A Reunion of Memories Part 2. “The 59ers”

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John Baur ‘60:  “Ellen, I do believe The ’59ers have arrived.”


Ellen ‘60:  “Yes, John, their memories are echoing throughout our hallowed halls.”


Herb Bradley ‘59:  “Hi Ellen, Hi John, Walter, Harry.  Walter certainly hit on the mark with his memories.  One thing I remember in addition to Mrs. Vogt carrying a big stick was another teacher – Mrs. Bubb who substituted for Mrs. Vogt occasionally. She became irritated with me on several occasions (I don’t know why, because I was such a sweet boy) and would grab one of my ears and give it a vigorous shake while she shouted various instructions at me.”


Walter Kristiansen ’59:  “Herb, Harry Daniels and myself got our start as freshmen in September of 1955.  Mrs. Vogt introduced us to two brothers, Vince and Joe Lombardi.  They started Herb and I on trumpet and Harry on metal clarinet.”


Harry Daniels ’59:  “The Lombardi studio was located in Concord.  I used to take the 103 bus, get off at Hylan and  Clove and walk up most of Clove Road to take a half-hour lesson for two bucks!  They eventually moved to Great Kills, two blocks from my house.  That Christmas I got my own clarinet.”


Herb: I remember on one occasion I was walking through one of the basement corridors and had a pair of drum sticks with me. As I walked through the hallway I was drumming a cadence on the tile walls. Upon hearing this, Mr.Cabellero (The Aeronautics Teacher) popped out of the Aeronautics shop and stopped me. He asked me the name of my home room teacher and I answered by saying the name Gentile. This only aggravated him further and he put me up against the wall and, poking his finger at my chest, he said to only refer to her as MISS Gentile. Then he proceeded to take the drum sticks out of my hand and beat a cadence with them on my head. After that he sent me on my way with firm instructions not to be beating on the walls any more. That must have made quite an impression as I remember it to this day and never again did I beat upon the hallowed walls of  THS.”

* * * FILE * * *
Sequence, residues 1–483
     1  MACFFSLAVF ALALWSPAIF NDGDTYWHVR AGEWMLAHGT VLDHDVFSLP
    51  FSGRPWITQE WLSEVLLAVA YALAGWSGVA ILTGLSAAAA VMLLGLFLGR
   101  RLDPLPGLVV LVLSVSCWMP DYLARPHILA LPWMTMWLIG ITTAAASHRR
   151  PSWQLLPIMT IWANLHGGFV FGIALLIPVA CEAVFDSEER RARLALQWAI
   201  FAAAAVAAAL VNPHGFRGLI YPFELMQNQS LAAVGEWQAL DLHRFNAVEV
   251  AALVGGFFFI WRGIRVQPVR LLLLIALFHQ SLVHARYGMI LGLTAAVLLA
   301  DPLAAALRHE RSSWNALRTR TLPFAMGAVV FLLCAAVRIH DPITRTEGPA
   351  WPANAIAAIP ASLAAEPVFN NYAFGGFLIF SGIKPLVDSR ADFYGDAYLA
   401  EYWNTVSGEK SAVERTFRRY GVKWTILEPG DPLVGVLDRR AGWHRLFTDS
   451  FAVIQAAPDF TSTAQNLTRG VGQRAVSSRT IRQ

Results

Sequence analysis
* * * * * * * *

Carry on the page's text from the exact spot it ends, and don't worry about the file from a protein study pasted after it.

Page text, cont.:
Harry:  “I remember band practice first period every morning, the great marches, Sousa et al. For some reason “In a Persian Market” just came to mind  (bump, bump, bump, ba-da – bump bump …). We played for the assembly every Friday morning, as well as the Christmas and Spring concerts.


Ellen:  “Many of the students participated in the Chorus. Some would practice both during and after school for the Christmas and Spring Concerts.  The parents, grandparents and other family members packed the auditorium. We always had a full house. Along with the Band, we raised money for band uniforms and sheet music, as well as instrument purchase and repair. Many of our instruments were donated by Alumni.”


“Mrs. Bubb did a great job preparing us for Chorus, as did Mrs. Vogt for the Band.  Between band practice, choral practice, and music class in which we all participated, as well as the parades and concerts, they really had their hands full. Tottenville High School’s musical activities were enjoyed and appreciated throughout the communities on the South Shore of Staten Island, from Great Kills to Tottenville.”


“Our band participated in the citywide marches in Manhattan, as well as on Staten Island. I must say our boys and girls, or should I say young men and women (the upper classmates) looked real spiffy.”


Arlene Rahtes (Hansen)'60 :


I remember one year coming home from the Columbus Day Parade in the City. We were asked to play on the Staten Island ferry. What a treat. It was even written up in the Advance. One of the songs we played was Blaze of Brass; however the paper wrote it as Blades of Grass. I never forgot that.


Harry: Oh the Memorial Day parades in those hot uniforms! My first parade was that freshman year and I had an experience that I have laughed about and shared with many of my students over the years.”  


“We marched with two white sousaphones on each end of the front row. At the last minute one of the players was a no show. Mrs. V grabbed me (lean and mean, but small) and said to ditch the clarinet and just carry the sousaphone, DON’T TRY TO PLAY IT! Well that worked.  I just wiggled the valves and managed to keep in step. It was hot, the horn was heavy, but I knew I looked spiffy.”


“We were marching through Pleasant Plains, just about to pass beneath the railroad bridge, when I heard a knock in the bell of the horn, and felt it rock just a bit.  I looked up to see some kids throwing what turned out to be crab apples. One hit the bell just right and rolled round and round and in like a pinball – definitely worth triple bonus points!  Upon returning I had to stay and clean it up. Oh well, I think Mrs. Vogt gave me an extra five points on my report card for instrument maintenance!”


Walter:  “We took turns marching with both the Tottenville High School Band  and the South Shore Band.  The South Shore Band had a player from Staten Island Academy (Barbara Gloede) who eventually became Miss New York in the Miss America Pageant.  When marching with the school band, we usually had the twirlers marching with us, a really nice benefit!”